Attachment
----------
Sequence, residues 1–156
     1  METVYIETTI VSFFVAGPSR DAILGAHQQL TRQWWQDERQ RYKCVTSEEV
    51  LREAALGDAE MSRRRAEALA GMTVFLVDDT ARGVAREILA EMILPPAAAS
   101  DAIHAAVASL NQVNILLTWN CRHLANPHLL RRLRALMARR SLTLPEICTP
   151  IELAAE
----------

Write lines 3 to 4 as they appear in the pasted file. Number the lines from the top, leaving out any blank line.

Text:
    51  LREAALGDAE MSRRRAEALA GMTVFLVDDT ARGVAREILA EMILPPAAAS
   101  DAIHAAVASL NQVNILLTWN CRHLANPHLL RRLRALMARR SLTLPEICTP